Sir Arthur 'Bomber' Harris
1892 - 1984
Sir Arthur Harris
Arthur Harris was born in Cheltenham, Gloucestershire, England on April 13th 1892. He joined the Royal Flying Corps (later RAF) in November 1915 serving with territorial defence against Zeppelin attacks. He later fought against German bombers in Britain. By the end of WWI he had been squadron leader for some time and was awarded the Air Force Cross.
Between the wars, Harris served in several colonial positions in the British Empire including India and Egypt.
In September 1939, the RAF appointed Harris to lead Bomber Commands 5 group. Later in November 1940 he left operational command to join the Air Ministry as deputy Chief of Air Staff. On 23rd February 1942 Arthur Harris was appointed Commander-in-Chief, Bomber Command; a post he held until 1945.
During the war Bomber Command was criticised for lack of efficiency especially after a report which said British bombers were dropping their bombs within a 5KM radius of their target and not accurately on it. Undeterred by the criticism, Harris took a 'saturation' or 'area' bombing approach to destroying German cities. On May 30/31 1942 he sent a mass bombing fleet of over 1,000 aircraft to bomb Cologne. It was a success and although not easily repeated, Harris turned Bomber Command into a weapon capable of not only destroying German industry but cities too. He did this by increasing personnel and also with the new 'heavy' bombers such as the Lancaster which was capable of carrying larger payloads further into the heart of Germany. Under Harris, Bomber Command attacked German cities right into the last months of the war. This earned him the nickname 'Bomber' Harris.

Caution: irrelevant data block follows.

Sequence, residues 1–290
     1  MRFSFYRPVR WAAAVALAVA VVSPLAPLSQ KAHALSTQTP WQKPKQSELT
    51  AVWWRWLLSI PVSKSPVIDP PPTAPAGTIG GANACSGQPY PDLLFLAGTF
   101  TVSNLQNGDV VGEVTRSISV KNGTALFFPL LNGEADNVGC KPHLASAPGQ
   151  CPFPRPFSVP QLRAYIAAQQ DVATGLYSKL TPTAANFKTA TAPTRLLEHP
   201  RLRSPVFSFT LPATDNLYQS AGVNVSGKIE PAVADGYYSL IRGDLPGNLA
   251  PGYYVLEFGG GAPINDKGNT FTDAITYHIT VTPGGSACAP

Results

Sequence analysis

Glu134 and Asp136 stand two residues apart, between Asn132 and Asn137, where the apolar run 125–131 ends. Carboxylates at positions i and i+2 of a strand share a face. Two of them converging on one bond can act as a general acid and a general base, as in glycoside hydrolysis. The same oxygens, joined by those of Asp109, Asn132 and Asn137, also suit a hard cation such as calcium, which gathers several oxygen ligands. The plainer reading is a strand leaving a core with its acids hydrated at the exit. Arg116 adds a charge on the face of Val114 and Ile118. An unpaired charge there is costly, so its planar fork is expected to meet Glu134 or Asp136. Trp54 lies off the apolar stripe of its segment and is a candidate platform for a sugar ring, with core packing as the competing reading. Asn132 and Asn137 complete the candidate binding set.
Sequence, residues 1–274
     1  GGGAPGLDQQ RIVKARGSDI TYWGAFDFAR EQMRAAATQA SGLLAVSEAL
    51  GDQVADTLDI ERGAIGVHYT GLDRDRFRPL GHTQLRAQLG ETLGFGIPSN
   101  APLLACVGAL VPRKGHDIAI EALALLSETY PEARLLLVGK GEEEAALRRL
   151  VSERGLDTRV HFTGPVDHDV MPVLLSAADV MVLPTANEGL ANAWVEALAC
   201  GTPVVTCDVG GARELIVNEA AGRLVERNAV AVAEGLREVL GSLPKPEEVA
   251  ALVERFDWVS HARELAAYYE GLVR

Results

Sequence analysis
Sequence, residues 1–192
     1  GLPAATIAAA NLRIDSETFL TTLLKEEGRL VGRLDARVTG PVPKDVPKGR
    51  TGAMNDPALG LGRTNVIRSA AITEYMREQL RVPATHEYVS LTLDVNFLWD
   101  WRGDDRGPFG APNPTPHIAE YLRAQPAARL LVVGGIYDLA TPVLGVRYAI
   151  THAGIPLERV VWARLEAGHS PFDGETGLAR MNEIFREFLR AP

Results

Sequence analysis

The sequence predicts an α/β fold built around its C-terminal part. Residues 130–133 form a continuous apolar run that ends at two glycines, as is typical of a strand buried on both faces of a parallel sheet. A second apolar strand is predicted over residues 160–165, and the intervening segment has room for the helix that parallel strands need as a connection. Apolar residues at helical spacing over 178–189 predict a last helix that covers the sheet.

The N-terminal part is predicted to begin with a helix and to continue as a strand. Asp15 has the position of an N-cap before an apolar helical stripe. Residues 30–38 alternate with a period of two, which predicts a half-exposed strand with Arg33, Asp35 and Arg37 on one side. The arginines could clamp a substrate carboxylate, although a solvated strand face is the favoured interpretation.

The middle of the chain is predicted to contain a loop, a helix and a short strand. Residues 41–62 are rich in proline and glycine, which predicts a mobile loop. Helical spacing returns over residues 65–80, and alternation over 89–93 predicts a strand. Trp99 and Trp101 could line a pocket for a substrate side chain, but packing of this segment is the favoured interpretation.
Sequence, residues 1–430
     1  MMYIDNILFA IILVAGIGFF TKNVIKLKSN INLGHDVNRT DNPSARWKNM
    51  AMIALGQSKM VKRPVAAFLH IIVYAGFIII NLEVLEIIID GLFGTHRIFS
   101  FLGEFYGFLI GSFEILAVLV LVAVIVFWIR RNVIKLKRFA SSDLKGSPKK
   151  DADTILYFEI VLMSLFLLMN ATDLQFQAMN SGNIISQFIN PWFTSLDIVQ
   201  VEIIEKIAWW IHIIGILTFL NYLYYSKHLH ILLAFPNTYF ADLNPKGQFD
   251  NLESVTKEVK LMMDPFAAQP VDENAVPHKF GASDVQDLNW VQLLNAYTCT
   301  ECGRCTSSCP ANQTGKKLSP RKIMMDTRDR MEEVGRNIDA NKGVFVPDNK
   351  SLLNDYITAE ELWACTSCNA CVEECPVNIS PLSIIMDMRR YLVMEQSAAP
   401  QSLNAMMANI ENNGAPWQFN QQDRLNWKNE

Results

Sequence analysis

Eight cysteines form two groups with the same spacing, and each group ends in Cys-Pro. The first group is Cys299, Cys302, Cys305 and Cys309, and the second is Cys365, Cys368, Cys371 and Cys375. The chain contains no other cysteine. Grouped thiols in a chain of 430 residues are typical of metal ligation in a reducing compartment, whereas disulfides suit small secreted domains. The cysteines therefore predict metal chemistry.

At the end of the war Harris was promoted to RAF Marshal. He retired from the RAF in 1946 to pursue a successful business career in South Africa. He later returned to Britain and was made a baronet. In 1992, eight years after his death, a monument to him was erected in central London.
Sir Arthur 'Bomber' Harris Memorial, Central London
Arthur 'Bomber' Harris was certainly the most controversial allied officer of World War II.
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